Celebrate OAKtober Tree Forum

Vaclav Volrab/Shutterstock

Vaclav Volrab/Shutterstock

By Barbara Rose

“We are not separate from nature, we are of it, and in it, and we need an ethical framework to match. We need a tree culture, a nourishing mutualism that embeds us in creation.”
—Author and journalist Lynda V. Mapes

Some of our area’s oldest living beings are oaks that sunk roots here long before the first European settlers arrived. Ernest Hemingway might have walked under their branches. Generations of children played in their shade.

Celebrate OAKtober Tree Forum will honor these oaks and point us forward toward a “tree culture” in which we collaborate with one another and nature to sustain our common home. 

Featuring four exceptional speakers and information tables, the event will be from 2 to 5 p.m. Sunday, Oct. 13, in the 2nd floor Veterans’ Room of the Oak Park Main Library, 834 Lake St. Doors open at 1:30 p.m.; talks start at 2 p.m. The program is sponsored by West Cook Wild Ones and the library.

Capping the speakers is a plants-man whose work embodies collaboration with nature: author and landscaper Roy Diblik (The Know Maintenance Perennial Garden, Timber Press, 2014), perhaps best known for his work in the Midwest with Lurie Gardens creator Piet Oudolf.

Plants grow in communities, he reminds us. Yet we “plop trees into a heavy clay hole and hope they survive.” He’ll discuss how well-chosen companion plants provide better growing environments for trees than turf and why wood mulch may not always be the best fertilizer.

The program will lead off with arborist Lydia Scott, director of the Chicago Region Trees Initiative at The Morton Arboretum. She’ll speak about the oak ecosystems that defined our region’s ecology before European settlers arrived, what little remains of them today and how we can join regional efforts to protect and enhance them.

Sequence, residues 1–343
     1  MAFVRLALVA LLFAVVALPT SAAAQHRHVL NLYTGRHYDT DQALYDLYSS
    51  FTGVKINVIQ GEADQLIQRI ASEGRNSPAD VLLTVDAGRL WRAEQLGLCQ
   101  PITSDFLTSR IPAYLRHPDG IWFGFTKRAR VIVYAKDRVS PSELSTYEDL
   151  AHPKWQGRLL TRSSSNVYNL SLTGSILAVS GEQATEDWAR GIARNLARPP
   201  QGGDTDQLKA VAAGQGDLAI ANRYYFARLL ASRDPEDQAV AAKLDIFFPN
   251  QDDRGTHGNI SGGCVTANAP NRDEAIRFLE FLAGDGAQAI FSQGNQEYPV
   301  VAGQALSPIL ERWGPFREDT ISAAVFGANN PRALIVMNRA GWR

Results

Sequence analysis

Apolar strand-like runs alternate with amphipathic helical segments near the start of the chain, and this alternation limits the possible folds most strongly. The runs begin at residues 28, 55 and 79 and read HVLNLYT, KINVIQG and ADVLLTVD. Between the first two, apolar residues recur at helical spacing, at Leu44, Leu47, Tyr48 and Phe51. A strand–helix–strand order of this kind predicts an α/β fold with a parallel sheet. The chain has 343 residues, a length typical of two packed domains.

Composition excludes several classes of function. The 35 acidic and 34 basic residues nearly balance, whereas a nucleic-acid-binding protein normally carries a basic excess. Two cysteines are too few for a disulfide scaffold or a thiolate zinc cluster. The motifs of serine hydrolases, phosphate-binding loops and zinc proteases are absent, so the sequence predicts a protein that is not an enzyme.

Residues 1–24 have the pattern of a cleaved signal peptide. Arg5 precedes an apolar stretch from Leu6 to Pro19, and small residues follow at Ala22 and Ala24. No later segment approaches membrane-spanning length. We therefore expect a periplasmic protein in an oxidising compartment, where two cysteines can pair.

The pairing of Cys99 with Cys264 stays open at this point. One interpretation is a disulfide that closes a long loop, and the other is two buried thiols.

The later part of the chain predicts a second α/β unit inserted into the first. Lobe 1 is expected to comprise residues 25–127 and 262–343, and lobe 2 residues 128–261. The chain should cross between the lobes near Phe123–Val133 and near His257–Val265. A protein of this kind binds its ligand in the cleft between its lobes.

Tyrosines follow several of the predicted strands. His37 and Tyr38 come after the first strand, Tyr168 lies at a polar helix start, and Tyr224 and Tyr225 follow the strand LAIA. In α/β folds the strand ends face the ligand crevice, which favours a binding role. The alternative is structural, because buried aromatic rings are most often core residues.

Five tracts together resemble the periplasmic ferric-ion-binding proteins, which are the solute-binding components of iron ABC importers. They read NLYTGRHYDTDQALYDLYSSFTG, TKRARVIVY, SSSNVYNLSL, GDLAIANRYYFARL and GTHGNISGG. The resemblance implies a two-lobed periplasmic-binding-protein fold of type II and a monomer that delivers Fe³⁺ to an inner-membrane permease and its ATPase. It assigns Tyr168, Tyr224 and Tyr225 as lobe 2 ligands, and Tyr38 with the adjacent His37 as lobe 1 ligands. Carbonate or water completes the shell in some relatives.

Arborist Mark Duntemann, who specializes in managing and preserving trees with local cultural and ecological significance, will describe a year-long project to map Oak Park’s large diameter oaks, remnants of a pre-European woodland.  He’ll talk about their importance and the community’s role in preserving this dwindling population.

Robert Sproule is a Master Arborist who worked in New York and Chicago before joining Oak Park’s Forestry Department, where he’s been superintendent for 5-1/2 years. He’ll provide an overview of the village’s more than 18,000 trees in parkways and parks, which earned Oak Park the designation of Village Arboretum, and he’ll discuss current management practices and possible future plans.

Come early and stay late to share popcorn and fellowship while visiting information tables.  Environmental activist Julie Samuels, who worked with the late Kathryn Jonas in founding the Heritage Oak Propagation Project (HOPP), will explain how you can adopt and plant an oak sapling.

HOPP was started to preserve the genetic material from Oak Park’s pre-settlement oaks, which are nearing the end of their lifespan. Saplings grown from their acorns were later planted in both public and private spaces. Thirty more saplings are available this fall.

To register for this free public event, visit https://tinyurl.com/oaktobertreeforum/